Housing benefit warning and bad news for homeowners

‘Shelter has been calling for housing benefit reform for years, but this debate must not be muddied by the use of an extreme example from one area in the country.1

‘The vast majority of housing benefit claimants are either pensioners, those with disabilities, people caring for a relative or hardworking people on low incomes, and only 1 in 8 people who receive housing benefit is unemployed.2

‘We are really concerned that even at current levels, nearly half of local housing allowance claimants are already making up a shortfall of almost £100 a month to meet their rent.3 If this support is ripped out suddenly from under their feet it will push many households over the edge, triggering a spiral of debt, eviction and homelessness.

‘The underlying issue which this budget has failed to address is the critical shortage of affordable housing, which means more and more people are being housed in the private rented sector where rents are almost double those in social housing.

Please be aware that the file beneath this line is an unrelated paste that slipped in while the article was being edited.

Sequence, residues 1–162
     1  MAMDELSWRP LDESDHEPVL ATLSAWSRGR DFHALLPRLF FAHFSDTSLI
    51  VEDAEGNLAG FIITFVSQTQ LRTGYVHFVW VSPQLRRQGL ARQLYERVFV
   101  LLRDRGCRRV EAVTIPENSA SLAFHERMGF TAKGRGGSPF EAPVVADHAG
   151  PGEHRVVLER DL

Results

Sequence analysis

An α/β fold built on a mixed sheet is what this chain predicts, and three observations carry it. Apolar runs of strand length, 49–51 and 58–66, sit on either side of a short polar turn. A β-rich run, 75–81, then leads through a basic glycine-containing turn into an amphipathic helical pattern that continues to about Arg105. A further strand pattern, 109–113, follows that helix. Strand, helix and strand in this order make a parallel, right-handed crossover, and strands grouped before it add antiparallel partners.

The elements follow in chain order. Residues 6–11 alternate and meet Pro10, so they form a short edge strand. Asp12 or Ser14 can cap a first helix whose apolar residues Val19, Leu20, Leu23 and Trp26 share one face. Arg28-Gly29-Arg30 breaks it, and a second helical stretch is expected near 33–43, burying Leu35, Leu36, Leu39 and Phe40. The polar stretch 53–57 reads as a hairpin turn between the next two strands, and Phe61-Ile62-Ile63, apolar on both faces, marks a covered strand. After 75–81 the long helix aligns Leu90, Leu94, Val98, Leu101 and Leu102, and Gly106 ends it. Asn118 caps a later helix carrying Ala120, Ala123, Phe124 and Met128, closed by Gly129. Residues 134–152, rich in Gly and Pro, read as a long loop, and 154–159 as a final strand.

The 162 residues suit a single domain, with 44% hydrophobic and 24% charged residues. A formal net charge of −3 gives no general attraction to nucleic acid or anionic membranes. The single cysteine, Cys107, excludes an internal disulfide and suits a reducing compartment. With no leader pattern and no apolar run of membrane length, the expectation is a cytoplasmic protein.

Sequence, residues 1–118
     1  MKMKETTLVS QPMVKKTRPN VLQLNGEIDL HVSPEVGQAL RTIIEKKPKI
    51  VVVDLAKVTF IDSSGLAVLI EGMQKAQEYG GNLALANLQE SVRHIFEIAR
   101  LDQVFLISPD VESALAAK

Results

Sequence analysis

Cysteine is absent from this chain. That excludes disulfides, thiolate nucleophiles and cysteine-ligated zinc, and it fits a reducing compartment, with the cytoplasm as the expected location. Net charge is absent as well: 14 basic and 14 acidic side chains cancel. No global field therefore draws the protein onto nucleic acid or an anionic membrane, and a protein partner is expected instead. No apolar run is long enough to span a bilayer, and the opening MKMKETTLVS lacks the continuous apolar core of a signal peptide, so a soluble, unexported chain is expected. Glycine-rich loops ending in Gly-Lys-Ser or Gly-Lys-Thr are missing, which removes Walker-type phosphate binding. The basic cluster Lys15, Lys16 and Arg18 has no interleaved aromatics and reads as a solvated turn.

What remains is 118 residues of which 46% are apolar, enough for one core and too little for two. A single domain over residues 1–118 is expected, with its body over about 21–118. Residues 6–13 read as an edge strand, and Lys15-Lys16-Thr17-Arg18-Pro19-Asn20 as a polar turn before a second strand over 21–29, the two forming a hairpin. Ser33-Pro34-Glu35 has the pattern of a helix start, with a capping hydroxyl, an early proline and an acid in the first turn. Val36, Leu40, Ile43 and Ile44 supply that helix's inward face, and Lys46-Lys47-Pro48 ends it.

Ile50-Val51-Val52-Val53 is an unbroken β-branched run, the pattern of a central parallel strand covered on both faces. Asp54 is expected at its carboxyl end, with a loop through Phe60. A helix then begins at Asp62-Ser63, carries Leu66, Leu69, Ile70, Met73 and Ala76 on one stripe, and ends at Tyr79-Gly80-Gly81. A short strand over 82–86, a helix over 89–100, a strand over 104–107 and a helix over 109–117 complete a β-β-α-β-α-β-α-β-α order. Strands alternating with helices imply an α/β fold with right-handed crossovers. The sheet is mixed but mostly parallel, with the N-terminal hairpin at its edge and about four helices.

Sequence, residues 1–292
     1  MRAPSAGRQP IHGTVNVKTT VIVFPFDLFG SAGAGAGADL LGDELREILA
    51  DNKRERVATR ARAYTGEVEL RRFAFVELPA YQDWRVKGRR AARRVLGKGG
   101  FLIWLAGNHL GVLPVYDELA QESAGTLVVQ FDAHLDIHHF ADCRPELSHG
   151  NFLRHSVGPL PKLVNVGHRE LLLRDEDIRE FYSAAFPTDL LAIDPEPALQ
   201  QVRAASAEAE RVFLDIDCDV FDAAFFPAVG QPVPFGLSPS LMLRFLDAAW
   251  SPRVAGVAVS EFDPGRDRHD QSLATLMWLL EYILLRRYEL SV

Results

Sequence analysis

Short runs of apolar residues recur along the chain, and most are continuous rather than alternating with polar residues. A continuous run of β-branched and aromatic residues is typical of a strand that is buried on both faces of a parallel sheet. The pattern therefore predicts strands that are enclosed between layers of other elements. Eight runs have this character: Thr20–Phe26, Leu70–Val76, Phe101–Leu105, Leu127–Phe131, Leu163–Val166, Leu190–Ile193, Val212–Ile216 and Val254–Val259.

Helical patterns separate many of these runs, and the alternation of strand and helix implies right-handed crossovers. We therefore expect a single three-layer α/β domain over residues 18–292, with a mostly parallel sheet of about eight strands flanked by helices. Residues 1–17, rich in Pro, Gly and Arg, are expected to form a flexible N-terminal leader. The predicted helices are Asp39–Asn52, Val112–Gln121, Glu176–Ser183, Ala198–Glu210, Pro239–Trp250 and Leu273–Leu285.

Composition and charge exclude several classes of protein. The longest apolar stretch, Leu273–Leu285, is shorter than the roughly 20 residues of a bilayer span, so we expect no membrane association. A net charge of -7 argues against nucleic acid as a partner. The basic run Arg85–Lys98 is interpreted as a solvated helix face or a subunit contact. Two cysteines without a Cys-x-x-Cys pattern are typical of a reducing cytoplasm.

‘If we are to reduce the housing benefit bill in the long term we must continue to build more affordable housing.’

The Government’s plan to pay Support for Mortgage Interest (SMI) at the same rate as the Bank of England monthly rate is bad news for struggling homeowners, Robb also said.

‘This is not good news for those struggling homeowners who are just about managing to keep a roof over their head thanks to the support they are getting through SMI, not to mention the thousands of homeowners who will potentially need help in the coming months.

‘SMI has been one of the key schemes in helping hold back the rising tide of repossessions. But the reality is that most people on SMI are on higher than average interest rates, so there is a real danger it will no longer help the people who need it most and could trigger a surge in repossessions.

‘Introducing a system where rates will change monthly will create additional uncertainty for thousands of people already struggling day to day. The only solution is to ensure that SMI is paid at the rate of interest that people are currently being charged.

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